Canadian Ambassador Cmoc Champions Ukraine’s Security and EU Membership Ambitions


The recently appointed Canadian ambassador to Ukraine, Natalka Cmoc, was gripped by familiarity when she arrived in Kyiv last month. An unsettling sight of many locals with missing limbs harkened back to her professional stint in Ukraine during the 1990s, a period marking the return of thousands of veterans handicapped due to the war in Afghanistan.

Cmoc affirmed a dedicated commitment to the nation during an interview from the Canadian Embassy, stating, “Ukraine is really close to my heart, and I want Ukraine to succeed.” She stepped onto Ukrainian soil in her new capacity on August 15, beginning a one-year term. Over her many years residing in the newly independent nation since 1991, she has had numerous opportunities to get acquainted with the community and local rhythms, the recent addition being the air-raid sirens.

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Cmoc’s role in Kyiv is twofold. Firstly, she will focus on bolstering Ukraine’s immediate security needs in the face of Russian hostility. Her modus operandi often involves diplomatic liaisons with her G7 counterparts in the state capital. Secondly, she will lend her unwavering support to initiatives aiming to obtain Ukraine’s membership in the European Union and NATO military alliance. This longer-term commitment involves supporting reconstruction, reforms, and humanitarian aid.

The ambassador’s responsibilities extend to synchronizing Ottawa’s efforts on various fronts and maintaining transparent communication between the Canadian and Ukrainian capitals. According to Cmoc, Ukraine’s counteroffensive is progressing, replicating a NATO military tactic aimed at minimizing casualties.

In addition to military aid, Canada is dedicated to nurturing a more democratic and environmentally conscious Ukraine. Ideally, by October, Cmoc hopes to have a fully-equipped team of 22 diplomats in position, each contributing to an array of efforts, ranging from mine-removal projects to empowering women in political and business roles.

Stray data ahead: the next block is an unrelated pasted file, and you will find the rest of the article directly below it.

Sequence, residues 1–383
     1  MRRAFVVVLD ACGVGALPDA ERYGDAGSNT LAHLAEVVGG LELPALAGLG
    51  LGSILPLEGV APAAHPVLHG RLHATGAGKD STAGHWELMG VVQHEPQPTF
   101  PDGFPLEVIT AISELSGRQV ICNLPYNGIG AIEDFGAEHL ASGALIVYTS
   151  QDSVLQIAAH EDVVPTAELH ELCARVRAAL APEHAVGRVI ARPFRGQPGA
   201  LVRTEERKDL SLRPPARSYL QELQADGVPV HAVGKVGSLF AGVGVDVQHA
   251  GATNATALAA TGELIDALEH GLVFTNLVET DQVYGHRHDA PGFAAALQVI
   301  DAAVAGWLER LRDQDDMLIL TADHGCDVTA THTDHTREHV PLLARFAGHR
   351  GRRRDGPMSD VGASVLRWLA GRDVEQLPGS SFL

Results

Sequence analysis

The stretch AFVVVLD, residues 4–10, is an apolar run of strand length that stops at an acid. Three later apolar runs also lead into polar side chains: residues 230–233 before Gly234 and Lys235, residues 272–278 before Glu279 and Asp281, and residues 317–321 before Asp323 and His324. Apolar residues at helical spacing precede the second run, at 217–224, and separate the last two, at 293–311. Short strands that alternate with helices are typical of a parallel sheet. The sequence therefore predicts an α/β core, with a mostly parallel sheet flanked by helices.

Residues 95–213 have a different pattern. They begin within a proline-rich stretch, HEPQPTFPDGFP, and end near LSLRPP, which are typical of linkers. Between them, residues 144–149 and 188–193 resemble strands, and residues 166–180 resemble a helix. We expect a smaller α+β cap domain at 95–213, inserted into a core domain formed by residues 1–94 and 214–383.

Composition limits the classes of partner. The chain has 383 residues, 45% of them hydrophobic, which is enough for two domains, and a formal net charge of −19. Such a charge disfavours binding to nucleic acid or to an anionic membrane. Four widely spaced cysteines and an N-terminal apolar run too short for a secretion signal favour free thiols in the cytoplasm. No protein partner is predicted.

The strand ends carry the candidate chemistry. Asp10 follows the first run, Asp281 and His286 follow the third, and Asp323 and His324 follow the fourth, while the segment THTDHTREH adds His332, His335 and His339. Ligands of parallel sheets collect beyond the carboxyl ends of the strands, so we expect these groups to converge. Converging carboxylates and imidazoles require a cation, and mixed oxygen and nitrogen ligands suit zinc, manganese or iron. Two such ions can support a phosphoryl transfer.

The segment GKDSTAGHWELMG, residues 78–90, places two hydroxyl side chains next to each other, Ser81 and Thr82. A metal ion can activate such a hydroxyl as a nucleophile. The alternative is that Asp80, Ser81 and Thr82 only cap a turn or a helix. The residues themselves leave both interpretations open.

The embassy’s staff will remain focused on forestalling an ecological and nuclear disaster at energy plants due to the ongoing conflict, by assisting Ukraine’s atomic-safety experts. Cmoc perceives the unprecedented reconstruction in the Kherson region, flooded due to dam destruction, as an early insight into Ukraine’s mammoth post-war reconstruction.

Expressing her ambitions for Ukraine beyond the war, the ambassador detailed how Canada and other allies are planning to assist locals with essential resources—water, energy, and farm equipment replacement. She added that they are also advising Ukraine on positioning itself as a viable destination for private-sector investment.

Cmoc’s impressive resume includes extensive experience in archeology and anthropology, intermittent rotations working in various federal departments in Ottawa, and a pivotal role in Canada’s peace and stabilization operations program. This wealth of experience undoubtedly qualifies her for her current role—an ambassador in a nation battling conflict and aggression.

Yet, the task hasn’t been easy. “It does impact you when you see all of the people who are missing limbs, arms and legs,” Cmoc confesses. For her, being entrusted with a country where she speaks the local language and has ancestral ties is a privilege and an honour. Despite minor points of contention, Canada consistently stands by Ukraine’s side.

The ambassador expressed Canada’s desire to contribute more aggressively to anti-corruption projects in Ukraine in anticipation of EU accession, saying with conviction, “We challenge Ukraine; we support Ukraine.”